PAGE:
Long time no see! I don't think I've posted anything on the blog since Februrary, so it's nice to be back on the vintage books again. I'm easing myself back in with a picture book for easy reading, and I've chosen Pig on the Run as the next stop on the bookworm trail, as it has the same author (Mira Lobe) and illustrator (Winfried Opgenoorth) as Valerie and the Good-night Swing.
The title Pig on the Run is slightly misleading. I was expecting Pig to be in some sort of trouble and escaping the law, or at least an angry farmer or two. But no. Piglet Pat is just running around the countryside for no apparent reason. I think he's just bored and restless, as you probably would be if you had nothing to do but hang around in a wood eating acorns. So after dreaming about being on a motorbike, he runs off in search of adventure, and soon gets into trouble. First he is almost hit by an actual motorbike, then he takes a ride in a hot air balloon, which gets spiked on a church spire. Then he somehow accidentally changes the signal on a railway, and eventually gets chased by ducks. Of course he ends up back in his peaceful wood with his family, where he decides he is content just to dream about adventures from now on.
As a grown up, I thought the story was pretty dumb. Just where is he going anyway? What is he trying to acheive? Doesn't he know it's dangerous to climb railway signal towers? You might fall. Especially if you have trotters. But kids of course, see things differently, and they would probably enjoy the spontaneity. To them, why wouldn't you run about aimlessly in the countryside, or climb up a signal tower if it's there?
The text works quite well for the most part. It's written in rhyme which does lift the story up - somehow you can get away with a fairly nonsensical story when it reads more like a song. The rhymes are often cleverly placed to span two pages, so that the reader has to guess the last word. You can imagine little ones enjoying getting involved, and feeling quite pleased with themselves for being able to guess what is coming next.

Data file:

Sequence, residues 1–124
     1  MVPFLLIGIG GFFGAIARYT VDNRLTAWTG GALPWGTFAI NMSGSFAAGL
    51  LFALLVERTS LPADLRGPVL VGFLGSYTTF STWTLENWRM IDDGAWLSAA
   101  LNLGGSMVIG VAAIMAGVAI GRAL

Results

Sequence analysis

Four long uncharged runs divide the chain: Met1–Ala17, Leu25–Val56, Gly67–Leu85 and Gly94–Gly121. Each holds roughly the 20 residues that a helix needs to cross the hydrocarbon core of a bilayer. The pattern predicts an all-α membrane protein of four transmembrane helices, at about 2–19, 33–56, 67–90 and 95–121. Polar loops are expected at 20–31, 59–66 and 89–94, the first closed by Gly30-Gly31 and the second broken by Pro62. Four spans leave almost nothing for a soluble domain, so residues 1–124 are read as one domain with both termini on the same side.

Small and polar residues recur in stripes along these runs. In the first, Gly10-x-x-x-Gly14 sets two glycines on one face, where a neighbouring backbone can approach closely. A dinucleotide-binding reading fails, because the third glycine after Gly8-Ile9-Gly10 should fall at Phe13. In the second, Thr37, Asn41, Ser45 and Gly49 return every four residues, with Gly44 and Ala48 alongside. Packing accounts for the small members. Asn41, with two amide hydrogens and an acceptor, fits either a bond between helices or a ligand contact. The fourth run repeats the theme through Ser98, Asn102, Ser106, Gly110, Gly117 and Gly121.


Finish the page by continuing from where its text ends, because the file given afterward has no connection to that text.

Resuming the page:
However, the text doesn't always quite work. Sometimes the rhymes do feel a bit forced and difficult to read fluidly:
"Don't worry, Duck, because I caught a
Glimpse, when up that tower, of water."
I'm sure small children probably wouldn't notice, or care. But it's the adults who have the read the story, and this sort of clunkiness would annoy me if I was reading it out loud. The book does say that it was first published in Germany, so I'm guessing that things didn't translate quite so well in places.
The illustrations are quite nice. For the most part they are drawn in different sized panels, but now and again they escape their boxes, which adds a bit of variety and interest. They also have a nice contrast between panels which are quite simple and focused on Piglet Pat, to very busy images with lots going on and multiple things to spot. The illustrations definitely do lift the story and make it much more interesting than it actually is.
About the author
Mira Lobe was an Austrian jew who wrote over 100 children's books - many of them focusing on peace and tollerance. Her first book, Insu-pu (1948) was about a group of children stranded on a desert island, and it was made into the TV series Children's Island in 1984. You can see some more examples of her work here. She stated that though laughter and learning were important features of children's books, she felt the most important thing that they offer is longing. She believed that books could inspire children to improve themselves and could impart a yearning for them also to improve the world around them.
I suppose Pig on the Run may seem like superficial nonsense to us grown ups, but it does speak to children about seeking out adventures, following their dreams, and not being afraid to explore the world around them.
Details and Availability
- Title: Pig on the Run
- Author: Mira Lobe
- Illustrator: Winfried Opgenoorth
- Date: 1986
- Link to previous: Author and illustrator
Pig on the Run is out of print.